Oakland City Attorney John Russo has delivered another blow to the city's plans to tax and license large-scale cannabis farms: He's withdrawn his legal advice and told the City Council to hire their own attorney.
Russo's letter, dated Thursday and addressed to the mayor and each council member, cited California rule 3-700 of the California Rules of Professional Conduct, which defines the rules under which an attorney may terminate a client.
In the letter he advises the council to retain outside counsel for the duration of the deliberations on the medical cannabis cultivation issue. He says that once an attorney has been secured, his office will turn over the files amassed so far.
Russo says in the letter that he based his decision on action taken by the City Council on Tuesday to redraft its proposed medical cannabis cultivation ordinance to address concerns raised by federal and local law enforcement officials.
Oakland's original cannabis cultivation ordinance set no limits on the size of the cultivation facilities, which would operate as stand-alone businesses separate from dispensaries. The council had hoped to start licensing the farms as early as last month, but it instead suspended action on the licenses in December so the ordinance could be revised to more closely comply with state law as it pertains to medical cannabis.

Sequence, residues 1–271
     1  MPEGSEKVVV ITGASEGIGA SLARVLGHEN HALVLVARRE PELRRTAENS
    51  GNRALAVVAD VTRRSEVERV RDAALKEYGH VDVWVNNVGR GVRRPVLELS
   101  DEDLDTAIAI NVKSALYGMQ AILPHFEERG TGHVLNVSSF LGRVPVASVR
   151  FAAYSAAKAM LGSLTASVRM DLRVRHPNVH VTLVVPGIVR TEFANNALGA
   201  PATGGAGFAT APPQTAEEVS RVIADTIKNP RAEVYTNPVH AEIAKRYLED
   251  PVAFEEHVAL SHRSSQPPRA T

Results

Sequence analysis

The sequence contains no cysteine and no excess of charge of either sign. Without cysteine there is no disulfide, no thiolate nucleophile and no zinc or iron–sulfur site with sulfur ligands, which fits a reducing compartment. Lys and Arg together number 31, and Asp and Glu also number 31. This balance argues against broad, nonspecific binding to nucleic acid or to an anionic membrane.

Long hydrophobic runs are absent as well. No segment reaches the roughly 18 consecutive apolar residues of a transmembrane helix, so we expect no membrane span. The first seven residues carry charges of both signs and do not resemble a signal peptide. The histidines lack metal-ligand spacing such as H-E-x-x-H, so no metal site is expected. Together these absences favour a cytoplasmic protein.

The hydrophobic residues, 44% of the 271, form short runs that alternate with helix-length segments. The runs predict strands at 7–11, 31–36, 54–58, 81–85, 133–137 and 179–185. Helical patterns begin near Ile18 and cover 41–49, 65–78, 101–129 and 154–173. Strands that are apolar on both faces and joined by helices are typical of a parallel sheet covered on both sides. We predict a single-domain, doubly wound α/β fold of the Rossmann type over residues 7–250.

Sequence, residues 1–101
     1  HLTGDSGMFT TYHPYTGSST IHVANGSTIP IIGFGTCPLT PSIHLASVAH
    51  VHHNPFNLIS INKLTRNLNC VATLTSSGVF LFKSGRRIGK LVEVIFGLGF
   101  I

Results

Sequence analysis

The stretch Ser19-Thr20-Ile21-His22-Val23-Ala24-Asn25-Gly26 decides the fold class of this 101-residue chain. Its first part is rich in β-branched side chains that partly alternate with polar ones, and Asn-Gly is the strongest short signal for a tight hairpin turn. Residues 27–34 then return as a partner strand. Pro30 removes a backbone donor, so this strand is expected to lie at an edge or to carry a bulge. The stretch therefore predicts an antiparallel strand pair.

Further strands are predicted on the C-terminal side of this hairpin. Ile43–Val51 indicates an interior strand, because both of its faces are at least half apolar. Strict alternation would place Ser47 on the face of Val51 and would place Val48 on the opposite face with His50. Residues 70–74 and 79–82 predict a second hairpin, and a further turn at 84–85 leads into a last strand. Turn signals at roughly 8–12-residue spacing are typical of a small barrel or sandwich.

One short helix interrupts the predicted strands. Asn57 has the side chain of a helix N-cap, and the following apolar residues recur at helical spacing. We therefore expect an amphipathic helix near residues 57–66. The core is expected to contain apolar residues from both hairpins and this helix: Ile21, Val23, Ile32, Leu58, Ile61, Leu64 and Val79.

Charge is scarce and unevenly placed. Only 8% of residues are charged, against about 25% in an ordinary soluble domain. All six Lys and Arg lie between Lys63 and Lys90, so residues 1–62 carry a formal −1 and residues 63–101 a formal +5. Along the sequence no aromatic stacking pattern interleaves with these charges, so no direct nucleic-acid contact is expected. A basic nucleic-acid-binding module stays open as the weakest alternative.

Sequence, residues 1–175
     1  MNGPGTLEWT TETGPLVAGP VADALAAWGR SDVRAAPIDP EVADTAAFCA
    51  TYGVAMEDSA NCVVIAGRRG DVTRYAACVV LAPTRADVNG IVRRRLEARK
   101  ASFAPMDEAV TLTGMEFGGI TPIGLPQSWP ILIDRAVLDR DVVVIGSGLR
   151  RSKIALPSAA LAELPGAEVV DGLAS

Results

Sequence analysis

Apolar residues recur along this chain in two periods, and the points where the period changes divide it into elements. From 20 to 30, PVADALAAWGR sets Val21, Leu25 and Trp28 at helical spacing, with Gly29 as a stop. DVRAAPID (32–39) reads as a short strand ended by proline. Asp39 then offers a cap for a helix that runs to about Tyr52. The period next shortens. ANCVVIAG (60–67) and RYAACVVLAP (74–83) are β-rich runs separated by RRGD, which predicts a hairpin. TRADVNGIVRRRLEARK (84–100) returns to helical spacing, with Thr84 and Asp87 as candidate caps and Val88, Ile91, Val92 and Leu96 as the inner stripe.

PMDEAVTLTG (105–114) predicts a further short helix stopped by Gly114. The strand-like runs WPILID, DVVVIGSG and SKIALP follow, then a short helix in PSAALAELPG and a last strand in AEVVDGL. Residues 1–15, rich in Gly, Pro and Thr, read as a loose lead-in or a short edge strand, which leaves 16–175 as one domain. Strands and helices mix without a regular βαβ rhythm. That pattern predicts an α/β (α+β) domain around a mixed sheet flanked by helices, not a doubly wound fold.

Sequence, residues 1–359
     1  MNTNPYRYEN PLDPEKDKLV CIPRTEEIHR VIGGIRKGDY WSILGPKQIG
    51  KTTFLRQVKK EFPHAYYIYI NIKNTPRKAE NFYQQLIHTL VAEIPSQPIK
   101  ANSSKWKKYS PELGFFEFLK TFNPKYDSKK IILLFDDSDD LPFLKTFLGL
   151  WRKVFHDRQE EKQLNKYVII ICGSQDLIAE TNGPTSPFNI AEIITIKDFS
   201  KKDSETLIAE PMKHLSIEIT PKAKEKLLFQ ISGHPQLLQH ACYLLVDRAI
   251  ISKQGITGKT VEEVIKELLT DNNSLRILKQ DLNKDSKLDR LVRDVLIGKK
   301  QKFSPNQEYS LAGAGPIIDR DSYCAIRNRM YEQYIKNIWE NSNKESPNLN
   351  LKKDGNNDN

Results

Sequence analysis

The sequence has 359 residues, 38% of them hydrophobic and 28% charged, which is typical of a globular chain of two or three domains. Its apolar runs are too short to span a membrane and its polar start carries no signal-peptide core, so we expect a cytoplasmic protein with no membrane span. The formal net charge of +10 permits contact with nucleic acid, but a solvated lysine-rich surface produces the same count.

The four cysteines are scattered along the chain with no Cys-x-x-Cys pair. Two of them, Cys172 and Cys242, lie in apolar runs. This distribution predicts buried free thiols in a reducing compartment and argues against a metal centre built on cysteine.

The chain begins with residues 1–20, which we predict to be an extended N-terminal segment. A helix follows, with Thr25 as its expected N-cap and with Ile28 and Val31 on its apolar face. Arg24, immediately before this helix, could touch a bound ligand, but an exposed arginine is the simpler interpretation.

Councilmember Desley Brooks (Eastmont-Seminary), proposed an amendment at the Tuesday council meeting that would limit the size of cultivation facilities and require that each one operate an on-site dispensary to ensure a direct, accountable link between the product and the patient.
Brooks' new draft of the ordinance, as well as an alternative proposal that was supposed to be drafted by Russo's office this week, were scheduled for discussion at next Tuesday's Public Safety meeting. But Russo's letter has thrown a monkey wrench into the schedule.
Not only is there no draft of the ordinance from his office, no one from the City Attorney's office can advise the committee on the legality of its action. Russo's office declined to comment on the letter Friday.
Russo did not specify which particular section of Rule 3-700 he was using, but section C (1) states that an attorney may withdraw legal representation if "the client seeks to pursue an illegal course of conduct."
Both U.S. Attorney Melinda Haag and Alameda County District Attorney Nancy O'Malley warned that Oakland's cultivation ordinance as originally drafted would be illegal and invite state and federal prosecution.
Brooks said late Friday that she agrees the initial ordinance is illegal and that's why she rewrote it to make sure there is a closed loop system between growers and patients.
She said she did not know whether the council would be able to hire a new attorney by next week's meeting, and she thought it odd that Russo would issue his letter Thursday, when his staff was working on a draft of the ordinance as recently as Tuesday.
"As far as Tuesday's meeting, I just want to make sure we are proceeding cautiously," Brooks said. "Nobody is trying to run out and do anything that will get the city in trouble. We're trying to be thoughtful, unfortunately, the City Attorney's Office is not working with us, and seems to be working against us. This is the latest ploy in that regard."
Councilmember Jane Brunner (North Oakland), said late Friday that per the City Charter, Russo has an obligation to the council as his client.
"As Russo's clients, I think it's appropriate to have a discussion regarding the legality of cultivation, not publicly, but in closed session," Brunner said, adding that if the council is forced to seek outside counsel, the money should come from Russo's budget.